Reagan aims to win over 'baby boomers'
Ronald Reagan will be after the ''baby boomers.'' One lesson the Republicans learned from the Democratic primaries, Reagan campaign strategists say, is that many of those young people who have supported Gary Hart indicate they will not support Walter Mondale if he is the presidential nominee. The President will therefore court this constituency, among others, when he gets out on the campaign trail.
''Hart dramatized the existence of a youthful constituency, and we will pay attention to them,'' says Charles Black, a key Reagan campaign consultant. ''Exit polls showed that many liked Hart but will switch to Reagan if Mondale is nominated.''
Reagan campaign officials are careful not to overestimate the potential votes among the 18- to 39-year-olds in the baby-boom generation. Young people's voting record is worse than the national average. But GOP officials are conscious of a growing potential in this age group.
''There is a demographic change going on when as many as 100 million baby-boomers aged 18 to 39 are eligible to vote and only 70 million Americans older than 39 are eligible to vote,'' says an official at the Reagan-Bush campaign head-
In the aftermath of the Democratic primaries, Reagan operatives make some other observations that have implications for the Reagan campaign:
* There is not likely to be a brokered Democratic convention. Former Vice-President Mondale will have ''a comfortable working majority'' and, although he will have to accommodate the other candidate groups, he has the votes to win.
* Mondale managed to capture more than 50 percent of the vote in only one state, West Virginia, indicating he does not now have a strong hold on the Democratic constituency. This gives the Reaganites ''tremendous potential.''
* Current polls indicate Mr. Reagan would still beat Mondale or Senator Hart if the election were held today. Especially encouraging to the Republicans is a USA Today poll published this week showing Reagan with an almost 40-point lead over Mondale among independents. The President, therefore, is seen to have good possibilities for ''getting half of the independent vote he must get'' to win in November.
Despite the current optimism, Reagan reelection planners continue to anticipate a close race in November and are cautioning their troops against complacency. Mondale is viewed as not having managed to sustain his momentum with each primary victory and as not having captured a large margin in most states. He failed to wrap up his nomination by mid-March, as originally planned.
But several factors will operate to narrow the Republican-Democratic gap as the election draws near, GOP operatives say: (1) historically, electoral landslides are generally followed by close elections; (2) Mondale will have a built-in advantage if he holds on to his Democratic coalition, because Democratic voters outnumber Republicans; and (3) a challenger always chips away at an incumbent.
''I don't think (the long-drawn-out Democratic race) means a whole lot,'' Mr. Black says. ''The Democratic Party has a lot of voters and resources. And once they put their coalition together Mondale will be strong.''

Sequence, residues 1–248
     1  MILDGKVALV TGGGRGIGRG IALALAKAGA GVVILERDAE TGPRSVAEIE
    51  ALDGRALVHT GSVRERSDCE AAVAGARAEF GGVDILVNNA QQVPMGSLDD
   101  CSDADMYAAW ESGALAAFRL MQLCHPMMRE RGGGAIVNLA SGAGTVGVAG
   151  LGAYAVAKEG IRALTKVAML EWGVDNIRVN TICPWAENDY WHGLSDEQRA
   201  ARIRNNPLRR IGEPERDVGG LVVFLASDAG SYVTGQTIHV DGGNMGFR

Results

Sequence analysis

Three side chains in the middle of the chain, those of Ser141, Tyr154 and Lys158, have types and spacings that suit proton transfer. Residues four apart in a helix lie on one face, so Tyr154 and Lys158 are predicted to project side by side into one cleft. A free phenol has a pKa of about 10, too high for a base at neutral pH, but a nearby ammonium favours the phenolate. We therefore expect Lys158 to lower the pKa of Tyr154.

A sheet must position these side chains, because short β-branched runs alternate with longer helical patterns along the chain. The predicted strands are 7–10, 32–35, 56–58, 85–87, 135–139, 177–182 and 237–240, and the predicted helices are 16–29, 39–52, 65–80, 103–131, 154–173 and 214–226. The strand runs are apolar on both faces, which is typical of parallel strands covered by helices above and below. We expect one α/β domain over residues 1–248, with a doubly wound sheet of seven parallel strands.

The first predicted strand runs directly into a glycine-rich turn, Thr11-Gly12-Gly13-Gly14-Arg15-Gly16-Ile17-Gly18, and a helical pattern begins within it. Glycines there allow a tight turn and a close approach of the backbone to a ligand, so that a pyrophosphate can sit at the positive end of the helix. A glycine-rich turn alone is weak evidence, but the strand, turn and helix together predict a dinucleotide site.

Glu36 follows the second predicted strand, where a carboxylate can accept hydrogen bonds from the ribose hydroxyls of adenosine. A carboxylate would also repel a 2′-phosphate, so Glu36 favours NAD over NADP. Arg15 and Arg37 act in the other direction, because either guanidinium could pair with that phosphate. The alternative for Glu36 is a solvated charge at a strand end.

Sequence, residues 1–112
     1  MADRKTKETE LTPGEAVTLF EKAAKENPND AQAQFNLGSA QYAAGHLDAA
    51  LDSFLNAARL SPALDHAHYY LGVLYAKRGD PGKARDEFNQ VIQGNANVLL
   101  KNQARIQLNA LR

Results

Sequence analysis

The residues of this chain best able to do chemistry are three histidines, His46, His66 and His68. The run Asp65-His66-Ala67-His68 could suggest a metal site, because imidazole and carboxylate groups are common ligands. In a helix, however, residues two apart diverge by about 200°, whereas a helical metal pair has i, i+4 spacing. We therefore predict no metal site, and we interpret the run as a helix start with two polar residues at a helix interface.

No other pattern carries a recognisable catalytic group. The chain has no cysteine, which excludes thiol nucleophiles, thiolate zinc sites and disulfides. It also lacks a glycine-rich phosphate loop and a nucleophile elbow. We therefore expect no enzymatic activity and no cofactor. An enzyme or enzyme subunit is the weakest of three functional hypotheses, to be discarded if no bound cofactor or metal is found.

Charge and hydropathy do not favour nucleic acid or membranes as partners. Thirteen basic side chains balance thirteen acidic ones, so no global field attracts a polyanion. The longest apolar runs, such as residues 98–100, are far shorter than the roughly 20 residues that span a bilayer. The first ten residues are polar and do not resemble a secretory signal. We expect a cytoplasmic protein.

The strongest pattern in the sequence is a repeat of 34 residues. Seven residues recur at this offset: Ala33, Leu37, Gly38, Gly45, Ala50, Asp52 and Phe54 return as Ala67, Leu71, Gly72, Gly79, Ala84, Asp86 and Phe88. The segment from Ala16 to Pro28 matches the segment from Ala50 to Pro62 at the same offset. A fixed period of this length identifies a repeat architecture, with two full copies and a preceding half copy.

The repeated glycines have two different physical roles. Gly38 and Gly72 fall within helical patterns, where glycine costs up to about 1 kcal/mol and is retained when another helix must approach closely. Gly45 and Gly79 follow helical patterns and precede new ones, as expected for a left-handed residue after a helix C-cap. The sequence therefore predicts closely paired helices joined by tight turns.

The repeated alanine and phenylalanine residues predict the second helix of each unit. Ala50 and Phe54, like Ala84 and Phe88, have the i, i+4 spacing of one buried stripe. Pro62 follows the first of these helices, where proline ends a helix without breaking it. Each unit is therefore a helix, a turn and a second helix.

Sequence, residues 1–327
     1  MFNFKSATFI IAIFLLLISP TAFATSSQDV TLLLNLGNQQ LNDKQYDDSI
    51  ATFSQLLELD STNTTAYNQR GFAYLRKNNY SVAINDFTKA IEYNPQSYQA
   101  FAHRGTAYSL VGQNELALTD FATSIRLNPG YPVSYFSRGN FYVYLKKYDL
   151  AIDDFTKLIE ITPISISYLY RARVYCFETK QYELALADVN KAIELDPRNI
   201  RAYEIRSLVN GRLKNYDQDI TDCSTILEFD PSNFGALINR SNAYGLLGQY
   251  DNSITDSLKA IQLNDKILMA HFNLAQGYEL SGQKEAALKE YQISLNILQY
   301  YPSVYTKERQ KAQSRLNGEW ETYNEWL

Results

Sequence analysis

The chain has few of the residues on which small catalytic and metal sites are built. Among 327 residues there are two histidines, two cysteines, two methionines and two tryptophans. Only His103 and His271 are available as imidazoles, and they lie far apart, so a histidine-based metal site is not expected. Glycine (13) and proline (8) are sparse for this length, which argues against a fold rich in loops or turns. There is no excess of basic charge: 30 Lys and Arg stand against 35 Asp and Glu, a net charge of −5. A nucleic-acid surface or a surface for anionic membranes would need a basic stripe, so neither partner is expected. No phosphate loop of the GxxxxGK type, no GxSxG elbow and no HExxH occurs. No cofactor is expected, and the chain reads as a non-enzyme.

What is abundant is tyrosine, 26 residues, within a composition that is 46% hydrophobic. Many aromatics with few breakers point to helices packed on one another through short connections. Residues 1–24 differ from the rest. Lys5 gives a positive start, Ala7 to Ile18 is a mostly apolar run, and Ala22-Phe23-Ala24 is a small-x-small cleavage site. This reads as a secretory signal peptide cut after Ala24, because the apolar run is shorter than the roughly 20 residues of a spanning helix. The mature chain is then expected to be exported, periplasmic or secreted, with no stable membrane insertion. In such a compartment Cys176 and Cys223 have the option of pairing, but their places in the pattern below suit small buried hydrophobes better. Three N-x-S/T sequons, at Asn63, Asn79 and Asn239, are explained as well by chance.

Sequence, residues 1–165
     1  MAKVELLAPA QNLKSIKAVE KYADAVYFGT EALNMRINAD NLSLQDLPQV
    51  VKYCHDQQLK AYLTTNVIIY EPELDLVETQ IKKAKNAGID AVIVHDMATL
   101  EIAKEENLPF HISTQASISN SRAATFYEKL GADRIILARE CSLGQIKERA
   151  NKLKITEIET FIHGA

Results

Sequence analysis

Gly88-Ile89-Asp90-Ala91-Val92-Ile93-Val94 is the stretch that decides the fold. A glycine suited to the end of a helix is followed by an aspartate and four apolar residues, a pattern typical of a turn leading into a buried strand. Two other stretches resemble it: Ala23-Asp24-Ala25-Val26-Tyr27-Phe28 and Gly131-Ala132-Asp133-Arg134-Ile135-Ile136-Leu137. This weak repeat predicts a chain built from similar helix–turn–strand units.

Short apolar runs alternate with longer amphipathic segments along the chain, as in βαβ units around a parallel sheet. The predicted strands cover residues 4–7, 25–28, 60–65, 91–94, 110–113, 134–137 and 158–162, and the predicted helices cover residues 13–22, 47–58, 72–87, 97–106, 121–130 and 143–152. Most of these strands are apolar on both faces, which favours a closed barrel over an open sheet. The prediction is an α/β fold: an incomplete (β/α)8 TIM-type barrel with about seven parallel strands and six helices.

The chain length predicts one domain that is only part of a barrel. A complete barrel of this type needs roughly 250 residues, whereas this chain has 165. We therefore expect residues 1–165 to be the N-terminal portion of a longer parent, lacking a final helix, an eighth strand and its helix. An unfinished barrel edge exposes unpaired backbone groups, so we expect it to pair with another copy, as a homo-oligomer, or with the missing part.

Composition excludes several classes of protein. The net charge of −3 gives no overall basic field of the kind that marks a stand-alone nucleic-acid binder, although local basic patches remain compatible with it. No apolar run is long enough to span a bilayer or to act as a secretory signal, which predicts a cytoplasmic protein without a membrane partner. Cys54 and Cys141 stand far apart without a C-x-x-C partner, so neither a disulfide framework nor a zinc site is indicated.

It is one of the ironies of the campaign that President Reagan, who himself is older than 70, has higher approval ratings among younger than older voters. A recent Los Angeles Times poll showed Reagan winning over Mondale and Hart among both groups but doing best among the 18- to 39-year-olds. The reason for this, GOP operatives say, is the President's early call for social security reform, an acknowledged ''gaffe'' still being effectively exploited by the Democrats.
''This is the only segment of the population where there has been an erosion from the 1980 base,'' says John Buckley, deputy press secretary of the Reagan-Bush campaign committee.
Reagan will try to repair that erosion. But he will also target the young independents and Democrats who are Senator Hart's primary source of support. Campaign officials say the Republicans can focus on the President's ''strong leadership'' and the invigorated economy in their appeal to the baby-boomers.
''When Hart made his big surge and the press focused on the 'candidate of the future,' we realized that we have to point out that four years ago it was the Republicans who were the party of the future and how Reagan embodied that spirit of change,'' Mr. Buckley says. ''Reagan in 1980 represented a strong break with the past and, as President, he has moved the country in a new direction.''
Mondale's ties with special-interest groups are also seen as giving Reagan ammunition to use among the independents and young. ''He can point out that he is independent of these interests,'' Buckley says.
To benefit substantially from the baby-boomers, Reagan would have to reverse voter patterns in recent elections. Fewer than half of those born since 1946 voted in the 1972, 1976, and 1980 presidential elections, according to the National Journal. The voting numbers are gradually rising but are still short of the national average. In 1982 only 35 percent of eligible voters between the ages of 20 and 38 turned out to vote; the national turnout was 48 percent.
''The younger boomers (born between 1946 and '54) are still the most unsettled group in the electorate and the least likely to vote,'' the magazine says. But studies indicate that ''they are much more conservative than slightly older college students.''
The National Journal quotes Lee Atwater, deputy director of the Reagan-Bush committee, as saying the baby-boomers are ''libertarians'' - economically conservative and socially liberal. That means, according to Mr. Atwater, highlighting Reagan's economic record but not his record on social issues.